Sipior, J., Ward, B. and Mendoza, R. (2011) Online privacy concerns associated with cookies, Flash cookies, and Web Beacons. Journal of Internet Commerce, 10 (1), 1-16.

TED (2009) The next web. Available from: [Accessed on 21 March 2017].

Vega, T. (2010) Code that tracks users’ browsing prompts lawsuits. Available from: [Accessed on 25 March 2017].

YouTube (2015) How social media advertising works. Available from: [Accessed on 21 March 2017].

Supplementary Bibliography:

Greenwald, G. (2014) Why privacy matters. Available from: [Accessed on 21 March 2017].

Kelion, L. (2013) UK jumps up internet scoreboard as digital divide grows. Available from: [Accessed on 22 March 2017].

Kleinmann, Z. (2015) Who’s that girl? The curious case of Leah Palmer. Available from: [Accessed on 22 March 2017].

Lanier, J. (2013) Who Owns the Future?. New York: Simon & Schuster.

Ronson, R. (2015) How one stupid Tweet blew up Justine Sacco’s life. Available from: [Accessed on 22 March 2017].

Twitter (2014) Twitter abuse: easy on the messenger. Available from: [Accessed on 22 March 2017].

YouTube (2016) Social Media Advertising. Available from: [Accessed on 21 March 2017].

4 thoughts on “Topic 4: Corporate Social Media & the Dark Side of the Web

  1. Thanks for the post Brad. The issue of online web tracking is often overlooked by those not so technically inclined but your post offered good insight how users can be tracked online.

    In my post from topic 2 I investigated how users can be tracked online. In particular I would like to make you aware of Panopticlick, a service that can reveal just how much identifying information you leak when you browse the web. You will probably find that you are more unique than thought.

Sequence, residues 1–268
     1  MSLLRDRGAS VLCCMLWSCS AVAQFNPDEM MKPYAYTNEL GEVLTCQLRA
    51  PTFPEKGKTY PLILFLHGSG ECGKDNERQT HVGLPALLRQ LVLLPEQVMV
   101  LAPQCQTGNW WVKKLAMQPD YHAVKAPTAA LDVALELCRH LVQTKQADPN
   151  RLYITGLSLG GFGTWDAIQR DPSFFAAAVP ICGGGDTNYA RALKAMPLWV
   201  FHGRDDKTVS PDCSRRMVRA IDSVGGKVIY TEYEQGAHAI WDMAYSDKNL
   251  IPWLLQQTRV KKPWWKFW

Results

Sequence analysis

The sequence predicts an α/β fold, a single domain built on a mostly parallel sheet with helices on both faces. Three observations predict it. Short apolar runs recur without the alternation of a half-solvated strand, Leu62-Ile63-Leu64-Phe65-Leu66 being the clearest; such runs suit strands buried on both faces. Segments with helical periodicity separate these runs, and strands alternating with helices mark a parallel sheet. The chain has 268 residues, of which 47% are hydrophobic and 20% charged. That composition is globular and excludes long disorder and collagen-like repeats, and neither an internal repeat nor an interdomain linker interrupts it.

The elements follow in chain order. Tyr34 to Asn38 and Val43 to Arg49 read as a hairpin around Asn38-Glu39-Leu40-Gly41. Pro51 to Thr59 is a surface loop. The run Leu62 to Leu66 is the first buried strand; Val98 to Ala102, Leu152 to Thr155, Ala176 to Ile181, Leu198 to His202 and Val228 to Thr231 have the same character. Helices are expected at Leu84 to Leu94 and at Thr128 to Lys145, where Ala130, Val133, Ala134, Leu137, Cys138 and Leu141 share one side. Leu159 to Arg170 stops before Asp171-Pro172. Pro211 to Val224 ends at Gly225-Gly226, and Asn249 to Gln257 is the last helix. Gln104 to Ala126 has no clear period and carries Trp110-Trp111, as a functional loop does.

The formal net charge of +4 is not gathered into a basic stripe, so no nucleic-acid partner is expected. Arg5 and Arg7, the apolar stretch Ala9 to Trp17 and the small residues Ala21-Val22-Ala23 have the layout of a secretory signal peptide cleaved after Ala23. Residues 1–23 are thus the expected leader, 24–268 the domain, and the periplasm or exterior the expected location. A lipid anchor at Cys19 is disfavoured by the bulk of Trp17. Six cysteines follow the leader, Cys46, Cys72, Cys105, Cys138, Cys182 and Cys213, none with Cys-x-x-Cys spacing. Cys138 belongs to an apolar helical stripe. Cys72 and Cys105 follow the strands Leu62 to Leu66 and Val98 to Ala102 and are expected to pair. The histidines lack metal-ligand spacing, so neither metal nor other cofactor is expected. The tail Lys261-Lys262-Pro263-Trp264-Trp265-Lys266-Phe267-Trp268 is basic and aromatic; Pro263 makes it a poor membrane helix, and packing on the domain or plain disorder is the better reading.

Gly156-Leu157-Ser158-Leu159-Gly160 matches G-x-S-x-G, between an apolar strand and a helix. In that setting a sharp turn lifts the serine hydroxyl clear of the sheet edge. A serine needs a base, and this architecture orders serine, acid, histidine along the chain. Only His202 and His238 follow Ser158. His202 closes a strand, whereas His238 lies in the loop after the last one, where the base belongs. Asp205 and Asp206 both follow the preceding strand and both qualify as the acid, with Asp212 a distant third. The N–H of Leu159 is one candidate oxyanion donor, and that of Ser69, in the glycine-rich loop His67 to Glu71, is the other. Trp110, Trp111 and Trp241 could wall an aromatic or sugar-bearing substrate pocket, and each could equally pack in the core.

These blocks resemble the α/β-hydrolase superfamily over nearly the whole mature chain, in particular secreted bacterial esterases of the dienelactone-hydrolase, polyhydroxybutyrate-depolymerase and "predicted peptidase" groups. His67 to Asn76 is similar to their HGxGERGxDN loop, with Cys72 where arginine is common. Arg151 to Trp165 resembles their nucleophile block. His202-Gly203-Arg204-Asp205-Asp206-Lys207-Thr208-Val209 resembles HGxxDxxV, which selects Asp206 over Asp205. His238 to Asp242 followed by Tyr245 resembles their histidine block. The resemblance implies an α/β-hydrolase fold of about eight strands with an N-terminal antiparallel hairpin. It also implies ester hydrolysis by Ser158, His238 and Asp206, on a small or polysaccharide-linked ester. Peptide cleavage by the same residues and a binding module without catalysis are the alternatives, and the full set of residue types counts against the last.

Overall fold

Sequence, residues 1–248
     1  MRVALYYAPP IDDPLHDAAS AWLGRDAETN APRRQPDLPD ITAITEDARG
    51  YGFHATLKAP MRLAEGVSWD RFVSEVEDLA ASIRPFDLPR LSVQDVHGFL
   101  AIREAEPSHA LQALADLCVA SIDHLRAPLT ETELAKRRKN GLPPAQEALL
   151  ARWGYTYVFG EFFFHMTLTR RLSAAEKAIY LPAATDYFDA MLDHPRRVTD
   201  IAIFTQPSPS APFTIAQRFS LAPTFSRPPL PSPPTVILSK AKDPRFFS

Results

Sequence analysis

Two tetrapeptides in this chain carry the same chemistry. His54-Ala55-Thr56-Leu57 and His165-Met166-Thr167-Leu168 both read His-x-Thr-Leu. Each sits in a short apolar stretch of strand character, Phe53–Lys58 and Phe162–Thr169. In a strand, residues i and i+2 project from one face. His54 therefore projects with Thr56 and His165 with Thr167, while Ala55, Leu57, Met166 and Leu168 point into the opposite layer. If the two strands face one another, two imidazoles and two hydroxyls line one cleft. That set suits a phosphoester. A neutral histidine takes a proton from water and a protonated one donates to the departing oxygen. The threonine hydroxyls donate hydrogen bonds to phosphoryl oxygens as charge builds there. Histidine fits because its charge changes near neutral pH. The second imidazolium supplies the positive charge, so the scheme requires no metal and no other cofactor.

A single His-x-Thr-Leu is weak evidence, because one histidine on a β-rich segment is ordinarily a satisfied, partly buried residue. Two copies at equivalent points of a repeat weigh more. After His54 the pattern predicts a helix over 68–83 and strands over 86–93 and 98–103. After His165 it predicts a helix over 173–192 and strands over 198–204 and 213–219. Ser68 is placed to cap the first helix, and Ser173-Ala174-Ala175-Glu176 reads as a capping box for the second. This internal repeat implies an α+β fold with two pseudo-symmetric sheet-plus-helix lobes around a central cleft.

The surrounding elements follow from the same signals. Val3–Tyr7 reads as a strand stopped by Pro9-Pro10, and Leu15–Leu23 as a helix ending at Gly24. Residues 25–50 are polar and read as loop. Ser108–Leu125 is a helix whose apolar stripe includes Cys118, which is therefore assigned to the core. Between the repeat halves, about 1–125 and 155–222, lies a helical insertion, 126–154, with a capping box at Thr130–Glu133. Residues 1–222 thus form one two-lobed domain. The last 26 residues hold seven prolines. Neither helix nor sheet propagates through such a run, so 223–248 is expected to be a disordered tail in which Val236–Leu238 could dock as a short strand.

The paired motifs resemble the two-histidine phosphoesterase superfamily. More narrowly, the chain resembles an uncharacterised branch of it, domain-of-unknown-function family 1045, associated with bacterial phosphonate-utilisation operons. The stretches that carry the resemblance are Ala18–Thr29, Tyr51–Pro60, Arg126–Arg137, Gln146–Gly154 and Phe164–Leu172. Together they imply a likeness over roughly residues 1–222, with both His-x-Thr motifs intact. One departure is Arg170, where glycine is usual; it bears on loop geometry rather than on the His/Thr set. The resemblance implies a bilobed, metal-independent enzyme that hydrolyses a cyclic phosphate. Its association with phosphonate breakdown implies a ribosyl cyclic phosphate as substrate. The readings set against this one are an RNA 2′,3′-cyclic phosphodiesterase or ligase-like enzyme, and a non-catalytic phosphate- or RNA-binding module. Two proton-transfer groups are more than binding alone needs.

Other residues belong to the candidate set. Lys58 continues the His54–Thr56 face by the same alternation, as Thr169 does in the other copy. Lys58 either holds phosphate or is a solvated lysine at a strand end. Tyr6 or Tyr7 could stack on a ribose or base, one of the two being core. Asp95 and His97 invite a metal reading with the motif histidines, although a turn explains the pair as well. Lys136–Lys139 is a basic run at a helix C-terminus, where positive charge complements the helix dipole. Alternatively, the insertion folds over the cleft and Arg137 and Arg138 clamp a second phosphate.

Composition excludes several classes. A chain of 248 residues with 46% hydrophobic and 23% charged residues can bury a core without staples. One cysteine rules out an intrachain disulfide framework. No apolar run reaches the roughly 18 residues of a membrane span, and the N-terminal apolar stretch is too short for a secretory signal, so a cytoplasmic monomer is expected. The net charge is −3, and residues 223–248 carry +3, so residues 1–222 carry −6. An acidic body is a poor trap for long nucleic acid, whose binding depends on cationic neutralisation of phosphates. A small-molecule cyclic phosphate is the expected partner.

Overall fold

Sometimes you just don’t have a choice when it comes to using a service and have to try to reduce the opportunity for tracking. What methods have you employed to combat online tracking? Have you tried using technical countermeasures like browser extensions or TOR or do you try to limit the information you give to online social networks?


    [150 words]


    1. Hi Jordan
      Thank you for your kind feedback, and for bringing Panopticlick to my attention. I haven’t yet made use of the service but it does seem like a useful tool for online users. Of course I always make attempts to limit the information I make available on my online profiles. While I have not tried extensive techniques like TOR, I do use one or two technical countermeasures such as adBlock and Ghostery (see my H5P content: The latter is most effective for my purposes, however through using this, I have personally encountered an entirely new ethical issue. Blocking tracking technologies often results in reduced functionality and poorer user experience, as certain links and pop-up windows may not operate as expected. Is this ethical? It all harks back to the issue of ‘unconscionable contracts’ (Peacock, 2014, p.7), and the fact we, in the pursuit for optimal and streamlined user experience, have no choice but to submit to these technologies sometimes.


  2. tsk, screen output used to be one of the &#f;2028un” things to do back in the DOS days because there were sooo many ways to do it. It made the rest of the dreary project bearable.